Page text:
It might be surprising to know that the region of the Middle East has become a blossoming entrepreneurial, tech startup hub. From Jordan to Lebanon and Iran to Egypt, the region has made significant progress with innovation driving tech startup growth. Israel has more startups per capita than anywhere else in the world.

Iraq has been the notable absentee from this tech ecosystem growth. Over the last 18 months Bite.Tech has dedicated time researching the Iraqi tech ecosystem, along with a group of committed, talented writers and entrepreneurs. We believe that we are on the verge of imminent breakthroughs and of establishing our own strong tech ecosystem here in Iraq.

When most people think of our country, they think of the wars and the ensuing conflict that crippled the country. But this is only very recent history in the country that gave birth to one of the greatest commerce and trade regions the world has ever known. It is a country steeped in the history of human civilisation.

Now, Iraqis are hopeful of leaving the recent issues that have plagued the country in the past and to harness its considerable resources to drive economic recovery.

One key area for this to happen is the fostering of a tech entrepreneurial community. In the last few years, a large group of tech entrepreneurs has emerged, who have created the beginnings of an Iraqi tech ecosystem from scratch. And it is now beginning to show signs of advancing beyond its primary stage.

The Blossoming Iraqi Tech Startup Space

The impact of the conflict witnessed in the country since 2003 has led to a dearth of foreign investment. It has also badly affected the education system. This has led to a lack of capital and of talent, respectively. Up to now, the tech startup community has had to be innovative and adaptable to deal with problems in financing, infrastructure and human resources.

By Padraig O’Hannelly.

A new LinkedIn group has been created to help promote new businesses in Iraq.

The Iraqi Crowdsourcing Group is dedicated to Iraqi entrepreneurship, projects, business ideas, solutions to problems Iraqi startups face, and innovation to ensure that successful and efficient new businesses are created.

It has been set up by Aziz Al Nassiri, founder of by RiTS, a small innovative Iraqi consultancy established in 2004, that has already established Iraq’s first Startup Incubator in a collaboration with Al Mansour University, to encourage and inspire their graduates to initiate their own business projects.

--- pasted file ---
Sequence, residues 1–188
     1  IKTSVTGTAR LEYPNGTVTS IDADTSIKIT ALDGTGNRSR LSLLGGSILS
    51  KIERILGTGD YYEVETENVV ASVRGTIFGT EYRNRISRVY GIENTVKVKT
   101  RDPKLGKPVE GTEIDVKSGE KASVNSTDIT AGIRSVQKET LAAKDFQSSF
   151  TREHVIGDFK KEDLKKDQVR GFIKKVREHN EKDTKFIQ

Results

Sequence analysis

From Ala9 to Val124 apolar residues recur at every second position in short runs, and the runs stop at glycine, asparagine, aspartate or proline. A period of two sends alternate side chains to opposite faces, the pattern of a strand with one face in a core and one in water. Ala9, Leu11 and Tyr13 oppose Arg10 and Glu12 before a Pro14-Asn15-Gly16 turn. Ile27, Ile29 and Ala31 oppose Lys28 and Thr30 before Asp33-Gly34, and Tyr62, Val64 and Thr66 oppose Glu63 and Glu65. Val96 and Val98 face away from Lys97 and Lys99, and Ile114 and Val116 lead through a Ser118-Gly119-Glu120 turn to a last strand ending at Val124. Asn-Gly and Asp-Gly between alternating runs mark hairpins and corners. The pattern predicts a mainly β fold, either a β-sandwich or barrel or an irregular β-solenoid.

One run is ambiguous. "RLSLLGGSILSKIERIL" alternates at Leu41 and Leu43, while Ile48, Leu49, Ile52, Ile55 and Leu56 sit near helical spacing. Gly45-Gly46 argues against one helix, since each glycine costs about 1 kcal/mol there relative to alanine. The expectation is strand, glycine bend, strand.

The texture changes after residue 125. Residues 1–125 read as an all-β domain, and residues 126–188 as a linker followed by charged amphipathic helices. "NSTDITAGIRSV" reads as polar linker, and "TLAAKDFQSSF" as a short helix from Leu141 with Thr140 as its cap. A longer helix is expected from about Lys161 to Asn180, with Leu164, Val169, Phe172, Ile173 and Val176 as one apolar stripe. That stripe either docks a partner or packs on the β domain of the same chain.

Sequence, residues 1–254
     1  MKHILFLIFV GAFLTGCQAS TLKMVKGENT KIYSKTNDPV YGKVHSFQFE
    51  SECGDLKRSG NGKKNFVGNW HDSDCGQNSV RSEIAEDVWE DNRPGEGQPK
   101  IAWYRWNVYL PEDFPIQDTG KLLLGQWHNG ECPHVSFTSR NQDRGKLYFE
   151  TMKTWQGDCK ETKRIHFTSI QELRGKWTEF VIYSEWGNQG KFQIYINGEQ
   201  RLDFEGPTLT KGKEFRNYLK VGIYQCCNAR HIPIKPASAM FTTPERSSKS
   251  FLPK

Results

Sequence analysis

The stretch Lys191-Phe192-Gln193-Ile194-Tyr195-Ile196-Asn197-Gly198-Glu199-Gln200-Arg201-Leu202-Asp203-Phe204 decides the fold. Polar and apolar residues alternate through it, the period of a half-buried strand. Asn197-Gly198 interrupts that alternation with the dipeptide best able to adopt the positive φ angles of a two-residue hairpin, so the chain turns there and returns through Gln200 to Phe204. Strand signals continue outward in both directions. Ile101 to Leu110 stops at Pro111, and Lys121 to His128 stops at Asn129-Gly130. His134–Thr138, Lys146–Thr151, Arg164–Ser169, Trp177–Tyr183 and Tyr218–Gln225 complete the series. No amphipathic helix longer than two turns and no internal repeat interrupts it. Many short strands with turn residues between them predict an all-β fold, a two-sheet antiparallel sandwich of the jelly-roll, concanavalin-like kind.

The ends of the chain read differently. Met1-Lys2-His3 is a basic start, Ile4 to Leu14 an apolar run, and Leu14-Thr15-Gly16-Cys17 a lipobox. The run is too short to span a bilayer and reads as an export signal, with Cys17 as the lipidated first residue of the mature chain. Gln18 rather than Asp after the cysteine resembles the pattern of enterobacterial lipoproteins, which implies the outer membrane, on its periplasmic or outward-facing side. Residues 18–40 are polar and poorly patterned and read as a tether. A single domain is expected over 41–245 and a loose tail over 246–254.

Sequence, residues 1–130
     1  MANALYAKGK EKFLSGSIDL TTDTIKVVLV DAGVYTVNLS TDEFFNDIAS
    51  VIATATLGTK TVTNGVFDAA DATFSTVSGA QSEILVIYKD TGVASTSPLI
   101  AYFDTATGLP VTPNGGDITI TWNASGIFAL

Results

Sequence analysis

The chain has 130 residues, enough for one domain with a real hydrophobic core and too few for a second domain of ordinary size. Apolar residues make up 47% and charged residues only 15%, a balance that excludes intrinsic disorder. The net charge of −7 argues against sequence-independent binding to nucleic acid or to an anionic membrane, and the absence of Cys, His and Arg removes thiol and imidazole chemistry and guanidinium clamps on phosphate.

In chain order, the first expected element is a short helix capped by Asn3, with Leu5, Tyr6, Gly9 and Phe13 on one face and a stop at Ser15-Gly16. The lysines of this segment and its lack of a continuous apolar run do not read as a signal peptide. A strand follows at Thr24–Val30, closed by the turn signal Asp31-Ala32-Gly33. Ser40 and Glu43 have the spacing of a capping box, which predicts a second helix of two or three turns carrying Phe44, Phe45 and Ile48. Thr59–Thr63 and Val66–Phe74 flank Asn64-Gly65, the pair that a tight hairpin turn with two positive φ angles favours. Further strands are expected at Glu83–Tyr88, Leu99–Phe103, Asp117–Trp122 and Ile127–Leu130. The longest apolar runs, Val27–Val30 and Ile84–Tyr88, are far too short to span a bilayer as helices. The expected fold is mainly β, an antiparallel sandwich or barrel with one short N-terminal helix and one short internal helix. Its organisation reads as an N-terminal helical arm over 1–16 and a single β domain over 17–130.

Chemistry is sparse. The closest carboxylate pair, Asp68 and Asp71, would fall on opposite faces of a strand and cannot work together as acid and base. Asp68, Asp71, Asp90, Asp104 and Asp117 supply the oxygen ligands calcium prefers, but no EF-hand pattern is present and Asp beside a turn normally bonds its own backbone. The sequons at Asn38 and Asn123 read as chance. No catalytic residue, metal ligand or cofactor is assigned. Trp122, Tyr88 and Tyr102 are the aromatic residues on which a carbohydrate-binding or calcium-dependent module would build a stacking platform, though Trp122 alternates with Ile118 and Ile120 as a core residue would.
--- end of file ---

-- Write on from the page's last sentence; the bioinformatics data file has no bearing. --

Al Nassiri told Iraq Business News:

Eventually we hope to add crowdfunding to help solve the biggest obstacle Iraqi entrepreneurs face. We hope to connect professionals from all disciplines, academia, government, businessmen and students with Iraqi entrepreneurs and startups.

“We will soon follow up with a website and mobile app to help this group become a main source for inspiration to youth, males and females.

“If you are interested in supporting the creation of a vibrant and ethical Iraqi private sector that absorbs most of the 450,000 new entrants to the Iraqi job market every year, then joining this group is a must. Please spread this message to all your contacts on Linked in.

Link:  https://www.linkedin.com/groups/10318903

By Omar al-Jaffal for Al-Monitor. Any opinions expressed are those of the author, and do not necessarily reflect the views of Iraq Business News.

In order to expand his men’s shoe business, Mohammed Jizani had to borrow $100,000 from a loan shark. As is common in such cases, he was forced to pay the lender $4,000 a month in interest until the final payment on his debt.

Jizani, who owns four shops in Baghdad, imports most of the goods he sells from Turkey. He tried to get a loan from local banks, but lacked sufficient collateral. Even the feasibility study he prepared to outline the profits he expected from his business proved useless.

“Dealing with the usurer is easy,” he said sarcastically, “while banks do not seem to be interested in small business expansion.”

Al-Monitor found out that the Iraqi moneylender Jizani dealt with owns a foreign exchange office in the Jamila area, east of Baghdad. He lends money to merchants like Jizani and has developed relationships with owners of small factories that produce foodstuffs as well as wholesale food stores.

Charging excessive interest, called “riba” in Arabic, is prohibited as a sin under Islamic law. But Jizani, a practicing Muslim, said a lack of liquidity can lead otherwise dedicated Muslims to make deals with predatory lenders.

Such was the case with Ahmed Jabbar of Baghdad. Extended unemployment led Jabbar to buy a taxicab with money from such a lender. But he said he believes the money he borrowed does not constitute an act of riba. He told Al-Monitor, “I took from one of the operators $10,000 and I will pay them back in Iraqi dinars with an interest amount equivalent to about $3,000.”